United Airlines Extends Boeing 737 MAX Grounding Until March

United Airlines has joined Southwest and American Airlines in grounding the Boeing 737 until March. The announcement was made as the aircraft’s grounding enters its ninth month. In total, all three American carriers have now grounded the aircraft for around a year.

United Airlines, Boeing 737 MAX, March
United Airlines has extended its Boeing 737 MAX grounding until March 2020. Photo: United

The Boeing 737 was first grounded back in March following a second fatal crash involving the type in the space of six months. While the FAA and Boeing were initially hesitant to ground the aircraft, President Trump eventually waded in. Boeing is now working on getting a software fix approved on the aircraft. This would allow the aircraft to renter service sometime in January for most carriers.

What’s the latest from United?

United has now removed the Boeing 737 MAX from its schedules until the 4th of March, 2020. This will take the aircraft to a grounding of just under a year. According to The Points Guy, around 3,500 extra flights will be canceled as a result of the action.


This equates to approximately 93 flights per day. This is not the first time that the 737 MAX’s reentry has been pushed back. In fact, since the grounding was first announced, it has been slowly pushed back in small steps.

United Airlines, Boeing 737 MAX, March
The cabin of the airline’s 737 MAX aircraft. Photo: United

No compulsory MAX flights

United’s CEO, Oscar Munoz is more than aware that the popularity of the 737 MAX has been cut. This could potentially be due to the increasing usage of social media apps within society. What may have previously filled a slot on the 10 O’Clock news, is now right there, in everybody’s hands.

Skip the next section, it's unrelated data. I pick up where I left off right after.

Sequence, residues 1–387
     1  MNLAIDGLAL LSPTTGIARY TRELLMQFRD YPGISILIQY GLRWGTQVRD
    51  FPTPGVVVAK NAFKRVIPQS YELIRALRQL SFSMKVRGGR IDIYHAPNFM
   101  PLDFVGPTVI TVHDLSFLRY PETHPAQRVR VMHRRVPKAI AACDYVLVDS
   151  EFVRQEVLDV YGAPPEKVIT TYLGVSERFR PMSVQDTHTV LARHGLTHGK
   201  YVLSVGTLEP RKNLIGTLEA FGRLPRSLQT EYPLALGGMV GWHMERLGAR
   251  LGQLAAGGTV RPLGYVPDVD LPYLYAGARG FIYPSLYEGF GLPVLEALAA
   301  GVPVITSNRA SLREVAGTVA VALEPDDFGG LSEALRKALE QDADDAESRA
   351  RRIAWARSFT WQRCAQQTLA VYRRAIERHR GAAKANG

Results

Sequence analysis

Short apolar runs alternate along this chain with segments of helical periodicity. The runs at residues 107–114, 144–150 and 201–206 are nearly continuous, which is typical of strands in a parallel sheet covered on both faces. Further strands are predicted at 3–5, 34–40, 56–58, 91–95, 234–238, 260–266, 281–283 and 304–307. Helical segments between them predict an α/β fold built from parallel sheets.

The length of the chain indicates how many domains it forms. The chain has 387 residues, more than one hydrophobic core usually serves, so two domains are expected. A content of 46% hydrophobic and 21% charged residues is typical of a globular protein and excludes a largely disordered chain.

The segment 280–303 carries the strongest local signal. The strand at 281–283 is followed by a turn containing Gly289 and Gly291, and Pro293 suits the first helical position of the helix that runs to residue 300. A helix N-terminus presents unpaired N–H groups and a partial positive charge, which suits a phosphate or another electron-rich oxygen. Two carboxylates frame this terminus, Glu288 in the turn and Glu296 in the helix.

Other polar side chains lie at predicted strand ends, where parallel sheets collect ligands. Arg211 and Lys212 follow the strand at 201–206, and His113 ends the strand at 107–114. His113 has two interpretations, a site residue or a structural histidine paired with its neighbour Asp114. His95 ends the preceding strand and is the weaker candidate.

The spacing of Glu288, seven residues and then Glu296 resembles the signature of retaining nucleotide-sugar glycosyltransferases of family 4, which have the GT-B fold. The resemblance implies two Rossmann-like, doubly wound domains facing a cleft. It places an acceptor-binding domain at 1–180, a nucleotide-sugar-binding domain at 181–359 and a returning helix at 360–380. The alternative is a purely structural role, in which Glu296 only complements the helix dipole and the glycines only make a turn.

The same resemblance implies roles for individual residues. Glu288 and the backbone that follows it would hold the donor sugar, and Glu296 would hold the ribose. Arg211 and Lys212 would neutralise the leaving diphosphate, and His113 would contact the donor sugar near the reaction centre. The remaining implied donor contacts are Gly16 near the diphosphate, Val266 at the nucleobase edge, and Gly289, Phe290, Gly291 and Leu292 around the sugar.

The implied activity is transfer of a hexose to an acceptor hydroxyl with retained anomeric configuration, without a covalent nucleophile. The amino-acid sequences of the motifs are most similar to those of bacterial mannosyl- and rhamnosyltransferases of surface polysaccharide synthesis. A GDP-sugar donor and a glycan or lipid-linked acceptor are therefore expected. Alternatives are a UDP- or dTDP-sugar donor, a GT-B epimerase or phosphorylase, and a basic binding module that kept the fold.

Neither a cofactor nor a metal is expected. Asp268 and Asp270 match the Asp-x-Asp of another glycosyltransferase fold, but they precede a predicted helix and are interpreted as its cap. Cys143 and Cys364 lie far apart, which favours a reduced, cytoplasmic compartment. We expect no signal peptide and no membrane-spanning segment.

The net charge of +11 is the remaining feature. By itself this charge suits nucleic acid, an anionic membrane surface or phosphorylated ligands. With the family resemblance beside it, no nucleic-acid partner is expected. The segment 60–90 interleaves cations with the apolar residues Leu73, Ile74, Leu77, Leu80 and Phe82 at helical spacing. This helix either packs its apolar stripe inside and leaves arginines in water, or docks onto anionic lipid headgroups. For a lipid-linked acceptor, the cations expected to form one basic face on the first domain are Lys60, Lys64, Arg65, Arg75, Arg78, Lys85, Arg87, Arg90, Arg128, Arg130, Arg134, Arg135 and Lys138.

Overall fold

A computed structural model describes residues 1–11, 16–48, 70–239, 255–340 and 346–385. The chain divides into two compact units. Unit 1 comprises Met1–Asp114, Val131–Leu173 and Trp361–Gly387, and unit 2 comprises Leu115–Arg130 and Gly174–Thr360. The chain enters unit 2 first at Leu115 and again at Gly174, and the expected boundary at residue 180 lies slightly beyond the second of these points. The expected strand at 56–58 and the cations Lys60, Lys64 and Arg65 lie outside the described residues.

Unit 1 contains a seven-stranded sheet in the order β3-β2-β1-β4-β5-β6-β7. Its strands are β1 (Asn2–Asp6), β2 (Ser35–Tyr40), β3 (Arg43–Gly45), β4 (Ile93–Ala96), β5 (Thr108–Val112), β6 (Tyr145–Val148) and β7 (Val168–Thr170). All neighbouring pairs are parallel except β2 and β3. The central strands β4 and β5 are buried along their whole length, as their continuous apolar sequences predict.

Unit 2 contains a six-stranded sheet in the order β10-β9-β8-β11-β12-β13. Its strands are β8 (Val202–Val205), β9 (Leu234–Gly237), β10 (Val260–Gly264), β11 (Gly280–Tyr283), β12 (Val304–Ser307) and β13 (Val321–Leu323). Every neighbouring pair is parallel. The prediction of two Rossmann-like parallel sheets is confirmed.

Earlier in November Mr Munoz told Simple Flying in London that the airline would not force any passengers to fly on the aircraft once it re-enters service. United Airlines will make it absolutely clear to passengers if they will be flying on the MAX. The airline will also let passengers booked on the 737 MAX to rebook for free if they suddenly get cold feet about their flights.


In addition to all of the above, Mr Munoz has also pledged to be onboard the very first flight that the company operates with the Boeing 737 MAX. The thinking is that he wouldn’t get on the plane if he wasn’t convinced that it was safe.

United Airlines, Boeing 737 MAX, March
The airline won’t force any passengers to fly on the 737 MAX. Photo: United

The exact timeline of the Boeing 737 MAX’s return to service is currently unknown. However, Boeing was recently talking about completing the re-certification in the coming weeks. This would allow the manufacturer to resume deliveries in December, with a view to returning the aircraft to service in January.

Simple Flying has contacted United Airlines for comment.

Would you fly on United’s Boeing 737 MAX? Let us know why or why not in the comments below.


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David Culshaw

no never.

Christopher Bryant

I really don’t know if I would or wouldn’t fly on a Max once cleared. I probably would want to sit back and see how it performs industry wide for 2-3 month’s. I have a feeling that many airlines may take a strong look at trading in or selling their Max’s in favor of the Airbus A200/300 which is a very nice aircraft. But ultimately time will tell whether the Max receives redemption from the world-wide traveling public


I don’t think the trust will ever return. Given what we have learned about Boeing’s profit above all else culture, and the incestuous relationship with the FAA, it will be difficult for people to accept that the Max can now be trusted. If the airlines offer passengers the opportunity to rebook for free on another type of aircraft, it is likely the Max fleet will sit empty on the ground while the airlines scramble to find a replacement.